The Telegraph
Wednesday , September 5 , 2012
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Women break mould, make the goddess

Like most Calcuttans, 40-year-old Kakoli Pal is looking forward to Durga Puja. Unlike most of them, however, she has no intention of going pandal-hopping. On the four days when dhaks drum up a festive fervour, Kakoli would just like to catch up on lost sleep.

With about a month to go for Puja, it’s a busy time for Kakoli and the small but growing number of women artisans of Kumartuli who are slowly but steadily making a mark in what has been a traditionally male-dominated sphere.

Kakoli has to complete 17 idols. In the seven years that she has been making idols, the orders have nearly doubled and so have her work hours.

She had been a homemaker with two little daughters when her artisan husband died suddenly in 2005. With no other work experience, she had no choice but to take up the profession.

“I had no interest in this. However, my children had to be sent to school and the household had to be run,” she said.

Business has improved since then. While Kakoli attributes this to the blessings of Ma Durga, others in Kumartuli said she had to work doubly hard to gain her customers’ trust.

A few doors down, China Pal has entered her 19th year as an idol-maker. In fact, China is popularly known as “Dashabhuja Ma” (10-armed goddess) among her fellow artisans for her ability to multi-task. She manages her home and studio equally well.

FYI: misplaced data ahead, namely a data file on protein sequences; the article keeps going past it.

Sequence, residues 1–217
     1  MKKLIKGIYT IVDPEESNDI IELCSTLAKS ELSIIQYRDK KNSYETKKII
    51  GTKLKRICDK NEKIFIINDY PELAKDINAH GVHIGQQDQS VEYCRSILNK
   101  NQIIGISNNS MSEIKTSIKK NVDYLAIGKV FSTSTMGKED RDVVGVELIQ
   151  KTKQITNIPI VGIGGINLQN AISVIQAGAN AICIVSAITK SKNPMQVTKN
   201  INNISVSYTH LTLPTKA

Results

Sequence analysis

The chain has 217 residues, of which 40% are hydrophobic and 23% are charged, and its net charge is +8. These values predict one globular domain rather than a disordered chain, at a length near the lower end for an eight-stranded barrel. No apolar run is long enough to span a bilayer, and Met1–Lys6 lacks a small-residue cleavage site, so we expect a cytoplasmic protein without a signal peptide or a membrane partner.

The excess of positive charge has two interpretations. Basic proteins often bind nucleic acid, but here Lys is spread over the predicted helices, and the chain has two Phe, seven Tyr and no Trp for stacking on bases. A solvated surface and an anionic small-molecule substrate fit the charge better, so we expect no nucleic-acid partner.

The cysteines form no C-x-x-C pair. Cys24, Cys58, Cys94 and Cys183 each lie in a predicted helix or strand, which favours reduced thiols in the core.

With two older brothers uninterested in taking up the 70-year-old family business, the entire responsibility of making and delivering idols fell on China’s shoulders when her father died just a month before Durga Puja in 1994. She and a small army of workers managed to make all the deliveries on time and she has never looked back since.

“Twenty years ago, there was just one woman artisan but today, there are around 10 who are seriously into this profession,” said Babu Pal, a former secretary of Kumartuli Mritshilpo Sanskritik Samiti. Veteran artisan Dileep Pal said the younger generation, including his son, was reluctant to enter the business. “It’s a very good sign to see women take up the baton,” he said.

Minakshi Pal, who took up the trade only last year after her father died, has a similar story. “I took it to keep my father’s name alive,” she said. The enormity of the job — having to supervise and deliver more than 20 idols — nearly overwhelmed her last year but she is much more confident this time around.

China said it had taken a while to gain old customers’ trust when she started out. Kakoli echoed her, saying she felt hamstrung by customer scepticism at first. Both, however, conceded that veteran artisans had always been generous with technical help.

For most women artisans, the goddess, whose idols they create, has turned into a source of inspiration. “The image of Durga vanquishing the demon gives me constant courage,” China said.

A lot has changed over the years, but their prayers to the idols they create will be the same: a brighter future for their family and better working conditions.